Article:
Oracle Raptor – Using Snippets (and adding User Defined Snippets) for quicker SQL and PL/SQL coding

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The new Raptor tool for Database Development contains a feature called Snippets. Snippets are predefined fragments of SQL or PL/SQL code that you can easily include in a piece of SQL or PL/SQL you are editing. The Snippets are collected in various categories, presented in a Snippets Window from where they can be dragged and dropped into the Editor window. In this article I will show how you can add your own snippets to the set of predefined ones.....

 

Note: I have tried and tried but I cannot paste the snippet any other place than at the end of the code. I can only assume that this is an Early Adpoter release glitch.

After pasting the Snippet – relocating it -  the code looks like this:

 

Now we have to complete the Snippet, but at least it got the FOR LOOP syntax right for us.

Adding New Snippets to the Snippets Window 

I have been looking around to see how I can add Snippets to the base collection in Raptor, just like we can add Code Fragments in JDeveloper. However, I was unable to find that feature. So for a short while I feared we were stuck with what the Raptor team provides us with. Then my almost innate drive to investigate APIs, extensions, configuration options and the like had me looking around. Before too long, I got to the directory RAPTOR_HOME\\jdev\extensions. This directory contains the archive oracle.dbdev.snippet.10.1.3.jar. That jar file in turn looks like this:

The file snippets.xml contains the Snippets that are shown in the Snippets window:

 

The obvious next step is now of course to add a number of my own snippets to this snippets.xml and add the changed file to the jar. Let’s do some Analytical Function snippets:

  <group category="Analytical Functions" language="PLSQL">
    <snippet name="ROW_NUMBER()" description="Include a ROW_NUMBER() expression in your SELECT statement. ROW_NUMBER calculates the unique position of a record within a subset of records – created  by partitioning on the indicated column – ordered by the specified column. ">
      <code><![CDATA[row_number() over ( partition by col1
                           order by col2 desc
                         ) rn]]></code>
    </snippet>
    <snippet name="MAX()" description="Include an Analytical MAX() expression in your SELECT statement. MAX returns the highest value from a subset of records – created  by partitioning on the indicated column. If the partition is ordered then the maximum is in fact a running Maximum, calculated only over the records preceding the current record in the partition.">
      <code><![CDATA[max(column) over ( partition by col1
                           order by col2 desc
                         ) ld]]></code>
    </snippet>
    <snippet name="LEAD()" description="Include a LEAD() expression in your SELECT statement. LEAD returns a column value from a record that follows the current record in the subset – created  by partitioning on the indicated column – ordered by the specified column.">
      <code><![CDATA[lead(column, number_of_records, default value) over ( partition by col1
                           order by col2 desc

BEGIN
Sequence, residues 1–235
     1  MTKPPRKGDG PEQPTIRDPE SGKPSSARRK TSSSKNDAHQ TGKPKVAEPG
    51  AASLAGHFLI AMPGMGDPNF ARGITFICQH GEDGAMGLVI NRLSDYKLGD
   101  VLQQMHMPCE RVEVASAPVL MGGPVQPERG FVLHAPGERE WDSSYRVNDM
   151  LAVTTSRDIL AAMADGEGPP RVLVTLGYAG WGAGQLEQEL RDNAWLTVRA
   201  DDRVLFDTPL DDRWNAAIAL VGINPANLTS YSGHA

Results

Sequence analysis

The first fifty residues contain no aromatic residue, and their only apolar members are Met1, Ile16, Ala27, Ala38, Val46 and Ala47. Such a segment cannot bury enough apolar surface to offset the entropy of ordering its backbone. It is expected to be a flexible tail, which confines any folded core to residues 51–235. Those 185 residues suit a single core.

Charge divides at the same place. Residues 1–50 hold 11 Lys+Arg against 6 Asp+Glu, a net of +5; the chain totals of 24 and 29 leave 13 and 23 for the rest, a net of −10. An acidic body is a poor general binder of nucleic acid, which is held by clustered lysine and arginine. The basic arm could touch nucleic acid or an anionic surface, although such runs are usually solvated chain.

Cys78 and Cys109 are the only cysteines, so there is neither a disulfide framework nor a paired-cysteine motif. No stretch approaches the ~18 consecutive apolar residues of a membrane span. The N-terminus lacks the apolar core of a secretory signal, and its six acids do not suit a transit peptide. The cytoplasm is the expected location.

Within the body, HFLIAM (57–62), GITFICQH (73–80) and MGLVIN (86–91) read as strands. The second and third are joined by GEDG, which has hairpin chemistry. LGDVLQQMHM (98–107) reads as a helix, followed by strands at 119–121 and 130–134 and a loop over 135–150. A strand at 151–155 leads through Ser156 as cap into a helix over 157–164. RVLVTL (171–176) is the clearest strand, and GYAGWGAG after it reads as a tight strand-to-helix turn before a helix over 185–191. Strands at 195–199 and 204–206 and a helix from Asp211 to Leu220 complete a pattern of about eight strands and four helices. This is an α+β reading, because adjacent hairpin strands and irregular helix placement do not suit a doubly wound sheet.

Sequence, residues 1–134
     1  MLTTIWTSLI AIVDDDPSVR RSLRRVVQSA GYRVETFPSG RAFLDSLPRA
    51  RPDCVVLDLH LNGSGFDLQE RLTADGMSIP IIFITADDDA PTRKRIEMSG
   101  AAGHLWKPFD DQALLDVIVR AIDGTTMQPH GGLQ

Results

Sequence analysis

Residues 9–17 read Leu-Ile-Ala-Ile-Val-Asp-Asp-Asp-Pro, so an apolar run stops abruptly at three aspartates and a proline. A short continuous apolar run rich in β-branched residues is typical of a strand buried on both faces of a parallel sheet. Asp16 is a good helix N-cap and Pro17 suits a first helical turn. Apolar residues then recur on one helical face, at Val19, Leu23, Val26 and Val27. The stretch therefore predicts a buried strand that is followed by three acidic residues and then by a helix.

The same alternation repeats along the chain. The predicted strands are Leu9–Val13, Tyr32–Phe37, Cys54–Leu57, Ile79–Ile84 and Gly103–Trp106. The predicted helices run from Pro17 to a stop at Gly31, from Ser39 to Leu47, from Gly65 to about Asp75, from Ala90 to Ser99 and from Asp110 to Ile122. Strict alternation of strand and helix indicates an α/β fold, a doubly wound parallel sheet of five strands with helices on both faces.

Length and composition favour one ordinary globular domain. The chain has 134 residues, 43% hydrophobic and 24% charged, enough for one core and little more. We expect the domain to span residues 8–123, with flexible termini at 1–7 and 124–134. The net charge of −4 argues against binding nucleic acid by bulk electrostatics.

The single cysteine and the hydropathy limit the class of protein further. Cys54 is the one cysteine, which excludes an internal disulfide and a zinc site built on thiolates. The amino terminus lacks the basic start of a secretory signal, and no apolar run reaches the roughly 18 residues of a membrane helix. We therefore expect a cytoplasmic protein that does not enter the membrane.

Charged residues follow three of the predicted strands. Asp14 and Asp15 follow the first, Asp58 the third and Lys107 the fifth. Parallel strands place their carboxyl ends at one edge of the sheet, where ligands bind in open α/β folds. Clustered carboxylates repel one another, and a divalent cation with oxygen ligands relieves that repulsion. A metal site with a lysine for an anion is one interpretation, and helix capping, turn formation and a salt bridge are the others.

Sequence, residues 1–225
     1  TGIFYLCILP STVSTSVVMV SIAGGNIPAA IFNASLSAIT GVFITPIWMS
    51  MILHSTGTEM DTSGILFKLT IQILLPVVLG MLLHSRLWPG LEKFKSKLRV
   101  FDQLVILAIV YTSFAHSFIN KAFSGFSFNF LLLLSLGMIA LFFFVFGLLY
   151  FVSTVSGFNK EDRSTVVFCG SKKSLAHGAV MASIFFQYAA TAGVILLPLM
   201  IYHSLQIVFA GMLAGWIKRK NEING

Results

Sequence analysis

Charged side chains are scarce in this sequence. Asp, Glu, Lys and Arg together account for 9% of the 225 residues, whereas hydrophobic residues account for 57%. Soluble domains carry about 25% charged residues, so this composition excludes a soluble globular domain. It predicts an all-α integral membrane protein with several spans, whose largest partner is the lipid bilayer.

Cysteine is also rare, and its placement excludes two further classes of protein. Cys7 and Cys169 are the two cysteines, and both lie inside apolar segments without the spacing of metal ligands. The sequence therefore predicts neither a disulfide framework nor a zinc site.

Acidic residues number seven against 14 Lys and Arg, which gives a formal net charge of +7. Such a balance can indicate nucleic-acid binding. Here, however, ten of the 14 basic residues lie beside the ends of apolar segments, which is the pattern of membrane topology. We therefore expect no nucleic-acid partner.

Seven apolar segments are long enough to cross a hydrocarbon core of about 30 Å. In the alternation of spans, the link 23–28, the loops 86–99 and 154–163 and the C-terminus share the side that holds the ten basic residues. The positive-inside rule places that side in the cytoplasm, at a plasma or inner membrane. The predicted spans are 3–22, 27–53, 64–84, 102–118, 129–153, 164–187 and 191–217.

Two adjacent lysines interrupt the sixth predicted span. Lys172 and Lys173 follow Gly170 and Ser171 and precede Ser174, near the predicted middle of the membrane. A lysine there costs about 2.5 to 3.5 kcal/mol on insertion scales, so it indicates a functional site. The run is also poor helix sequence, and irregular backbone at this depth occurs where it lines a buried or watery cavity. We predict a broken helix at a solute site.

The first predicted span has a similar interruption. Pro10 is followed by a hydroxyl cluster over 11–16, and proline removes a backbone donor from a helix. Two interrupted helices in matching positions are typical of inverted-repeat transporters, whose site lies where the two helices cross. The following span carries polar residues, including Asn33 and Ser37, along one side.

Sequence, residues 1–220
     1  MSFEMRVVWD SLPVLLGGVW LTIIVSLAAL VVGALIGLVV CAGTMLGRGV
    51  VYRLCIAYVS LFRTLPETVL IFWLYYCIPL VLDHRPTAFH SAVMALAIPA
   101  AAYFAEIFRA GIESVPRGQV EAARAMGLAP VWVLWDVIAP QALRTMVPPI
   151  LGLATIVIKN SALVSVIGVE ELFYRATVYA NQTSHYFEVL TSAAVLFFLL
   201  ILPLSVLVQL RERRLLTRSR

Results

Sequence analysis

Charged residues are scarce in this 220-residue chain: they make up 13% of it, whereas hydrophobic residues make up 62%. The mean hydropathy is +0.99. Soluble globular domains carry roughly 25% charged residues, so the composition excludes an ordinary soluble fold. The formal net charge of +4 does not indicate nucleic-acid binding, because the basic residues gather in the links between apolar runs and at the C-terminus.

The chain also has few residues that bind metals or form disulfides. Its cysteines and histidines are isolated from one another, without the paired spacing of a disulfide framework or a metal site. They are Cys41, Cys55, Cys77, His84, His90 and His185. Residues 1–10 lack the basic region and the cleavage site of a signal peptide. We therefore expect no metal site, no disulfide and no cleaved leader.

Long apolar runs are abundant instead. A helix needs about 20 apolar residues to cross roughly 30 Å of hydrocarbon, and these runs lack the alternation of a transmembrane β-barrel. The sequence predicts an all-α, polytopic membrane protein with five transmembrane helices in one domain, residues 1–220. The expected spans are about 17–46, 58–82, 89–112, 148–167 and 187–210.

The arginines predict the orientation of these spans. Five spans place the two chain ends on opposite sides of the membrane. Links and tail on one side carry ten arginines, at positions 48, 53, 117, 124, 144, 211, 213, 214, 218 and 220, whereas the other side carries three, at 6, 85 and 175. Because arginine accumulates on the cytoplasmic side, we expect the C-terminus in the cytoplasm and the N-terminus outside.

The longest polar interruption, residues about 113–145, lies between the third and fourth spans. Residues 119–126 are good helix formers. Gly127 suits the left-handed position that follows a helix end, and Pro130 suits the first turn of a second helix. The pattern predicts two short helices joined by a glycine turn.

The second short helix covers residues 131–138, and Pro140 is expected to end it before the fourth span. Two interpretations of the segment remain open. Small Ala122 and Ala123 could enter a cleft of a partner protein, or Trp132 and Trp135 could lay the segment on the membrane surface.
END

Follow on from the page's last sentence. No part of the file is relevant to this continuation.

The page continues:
) ld]]></code>
    </snippet>
  </group>

I have added this fragment to snippets.xml, added the updated snippets.xml to the jar file and restarted Raptor. I see no effect at all. None whatsoever. That is somewhat disappointing- I was so sure of it!

As it turns out, I was almost correct. It just was the wrong snippets.xml file. The one we need to edit is in RAPTOR_HOME\jdev\system\oracle.dbdev.snippet.10.1.3. Now after we restart Raptor, the Snippets window looks like:

Dragging, dropping and slightly repositioning the new LEAD() snippet gives us:

Filling in the missing pieces, our query and its result:

Now I am wondering: will there be a lively trade in Snippets? Snippets for frequently occuring SQL constructs, useful sample queries, best practice PL/SQL fragments etc. And will Oracle provide a supported way of maintaining the snippets?

 

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About Author

Lucas Jellema, active in IT (and with Oracle) since 1994. Oracle ACE Director for Fusion Middleware. Consultant, trainer and instructor on diverse areas including Oracle Database (SQL & PLSQL), Service Oriented Architecture, BPM, ADF, Java in various shapes and forms and many other things. Author of the Oracle Press book: Oracle SOA Suite 11g Handbook. Frequent presenter on conferences such as JavaOne, Oracle OpenWorld, ODTUG Kaleidoscope, Devoxx and OBUG. Presenter for Oracle University Celebrity specials.

4 Comments

  1. Alex (or anyone else),
    Could you give any clues as to how you did that.
    I tried, but got a bit stuck – I installed PackageManager, but didn’t get much further

  2. Jacco Landlust on

    For all you OS X adepts (and like me, running 10.4), that having trouble to locate a 1.5 JDK (thanks apple for the fast email service from your developer site :( ), just follow these directions:

    1. Install java 1.5, you can find it here: http://www.apple.com/support/downloads/java2se50release3.html
    2. Append SetSkipJ2SDKCheck true to /path/to/raptor/jdev/bin/raptor.conf (please mind, no spaces in the path, this is a known bug)
    3. Start the raptor file (sh raptor in /path/to/raptor ) Enter /System/Library/Frameworks/JavaVM.framework/Versions/1.5.0/Home as J2SE home and you are set to go.

    This early build is not supported on Mac, but it does work like a charm. You might need to switch to java 1.5 with the java preferences tool which can be found in /Applications/Utilities/Java/JS2E 5.0

    Credit for this note goes to Thomas Barry, as posted on the otn forum. As Mac adept this seems to be the first serious Oracle database tool (next to sqlplus ;)), next to Aqua data studio (which has not so great pl/sql support).